Writers- Honor Your Contracts

January 21, 2011

I took a day or two off to read. While writing is inordinately satisfying, I get carried away and forget to make time to appreciate other people’s writing.

I immersed myself in ‘The House at Riverton”. It was a good read. I have problems with stories told as memories – it is beyond belief that a very junior housemaid would always be on hand to hear plot-important conversations, or that she would remember word for word so many conversations after 80 years had passed. But that is a necessity of the style, so I can live with it. What is not part of the style is lapsing into the heads of other characters. That bothered me.

What really bothered me was the ending. After leading up to it carefully, with well-placed hints and nice flow, the ending was a shambles. The characters acted completely outside their well-established modes, and then, instead of fleeing as fast as possible, they stood about waiting to be discovered so that a tragedy could ensue. Grrrrr!

And if that wasn’t bad enough, a sweet little ‘coincidence’ of relationships in the present to the characters of the past is insane. If the movie writer had indeed researched as carefully as she was indicated to have done, she would have known her relationship with the family she was writing about. Questions of inheritance also rose in my mind. Given his specifically described determination to avoid scandal, the apparent father would never have disowned the child – who should have then inherited her mother’s estate. But didn’t. So who did inherit, and how?

You should never leave the reader with holes that, once they start poking, only lead to more and bigger holes.

I once read a marvelously absorbing story  – three volumes of it. Careful, detailed, elaborate depiction of the protagonist’s life. And then at the end, the author suddenly reverted to fairy tale: “Some say she did this. Some say she did that. We’ll never know the real story.”


A book is a contract you make with your readers. You don’t suddenly change the rules. You don’t introduce abrupt ambiguities at the end that cannot be supported by the characters and plot-lines you’ve established over several hundred pages. You don’t insult them with cop-out endings. If you truly can’t decide how to end it, flip a friggin’ coin. But never ever write a cop-out.

Another recent read – one of the tiny genre of Austen-or- Edwardian -but-with-magic romances. I could never decide if the author thought she was writing a spoof or  a straight story. Several Austen plots thrown together with modern embellishment in the behavior of the characters, but then at the end – the climax scene reads as if everyone imbibed LSD Kool-Aid. Totally bizarre behavior.  Completely unreasonable actions and comments. And a smugly-sweet ‘epilogue’:  “We’ve been so happy for 50 years and we’ve done so many wonderful things, but that’s another story.”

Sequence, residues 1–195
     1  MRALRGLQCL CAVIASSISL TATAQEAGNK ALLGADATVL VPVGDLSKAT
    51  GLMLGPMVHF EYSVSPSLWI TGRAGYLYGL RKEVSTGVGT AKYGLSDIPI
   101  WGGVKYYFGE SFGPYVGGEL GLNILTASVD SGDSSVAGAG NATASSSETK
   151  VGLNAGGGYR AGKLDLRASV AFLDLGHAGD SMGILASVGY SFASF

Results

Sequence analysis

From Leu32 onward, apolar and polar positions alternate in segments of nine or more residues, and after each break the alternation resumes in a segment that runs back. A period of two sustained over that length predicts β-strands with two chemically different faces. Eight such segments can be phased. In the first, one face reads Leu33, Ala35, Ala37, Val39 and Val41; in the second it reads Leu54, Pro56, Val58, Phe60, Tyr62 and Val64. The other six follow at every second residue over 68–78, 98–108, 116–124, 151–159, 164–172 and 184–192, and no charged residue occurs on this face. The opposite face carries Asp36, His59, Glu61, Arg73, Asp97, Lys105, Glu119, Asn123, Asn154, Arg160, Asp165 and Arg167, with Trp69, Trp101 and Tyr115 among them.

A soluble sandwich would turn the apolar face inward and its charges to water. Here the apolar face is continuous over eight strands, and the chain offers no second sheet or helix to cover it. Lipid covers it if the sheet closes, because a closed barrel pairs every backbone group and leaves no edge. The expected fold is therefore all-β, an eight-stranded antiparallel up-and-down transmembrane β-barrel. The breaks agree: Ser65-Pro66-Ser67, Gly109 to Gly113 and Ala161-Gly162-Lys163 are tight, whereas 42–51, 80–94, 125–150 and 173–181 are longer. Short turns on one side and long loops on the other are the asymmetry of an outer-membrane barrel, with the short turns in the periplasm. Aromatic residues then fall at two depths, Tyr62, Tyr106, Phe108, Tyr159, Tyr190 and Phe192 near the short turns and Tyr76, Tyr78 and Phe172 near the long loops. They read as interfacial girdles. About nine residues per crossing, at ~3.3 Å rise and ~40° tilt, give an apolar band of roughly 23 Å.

Is it that conclusions are that hard to write? Or is it that the authors in these examples were trying to throw in a bunch of stuff they hadn’t been able to work in earlier, or wanted to pave the way for sequels, or what?

I panic after reading books like these. Have I made my characters act or speak inconsistently with their natures? Have I introduced scenes or allusions that are out-of-place? Have I resorted to ‘hand-waving’ instead of consistent explanation?

Even sci fi and fantasy require a predictable structure. If magic exists in the world one creates, its rules must be absolute, and revealed either out-right or by implication. You do not just wave an omnipotent hand and say ‘let there be whatever I’m in the mood for in this scene’. If you premise faster-than-light travel, then you can’t have a culture that doesn’t have any better data-storage than a cd.  You don’t have to explain the physics, but you do have to be consistent.

If a character has to act in a certain way at the conclusion that is contradictory to the way they have been presented, you need to go back and rewrite – show the character developing this personality trait. You cannot in any fairness to your readers simply decide to change the premises you’ve established.

Now – to be fair to the above criticized books. I have discovered that it is extremely hard to catch all these little points as I write. As I edit, I can still slide past them, although I’m beginning to see a mental agitation-pattern that I think is my brain saying ‘Look! Right there! Hand waving!” Now I am training myself to stop instantly and really look at what I’ve said, not just gloss over it with ‘hey, it’s no biggie.”

It is big. I want to create a world that won’t jar the reader, that won’t push them out because something is unexplained, or doesn’t fit what I’ve said before. Once I get them into the world I create, while they’re in it, I want them to feel it is real.

I’ve always wanted well-written books. Genre never mattered as much as quality. But I used to be able to accept more than I can now. I used to slide through books, knowing I’d reread them if I liked them, and get more detail next time around. I didn’t question unless something really stuck out, like bad grammar or totally ridiculous characters.

I will here mention again “Troll” by Sinisalo. Entirely satisfying. A slightly ambiguous ending, but meticulous build-up of hints to give ideas about that ending. No one acted contrary to their described character, none of the scenes rang false, or even questionable. Her twist at the end set the seal on a wonderful story.

So a down side of writing is that I am unable to enjoy as many books now due to a more critically assessing reading style.

The pluses: I appreciate true craft far more than I used to, and,  hopefully I will make fewer egregious errors in my own writing. It is a heartfelt hope.


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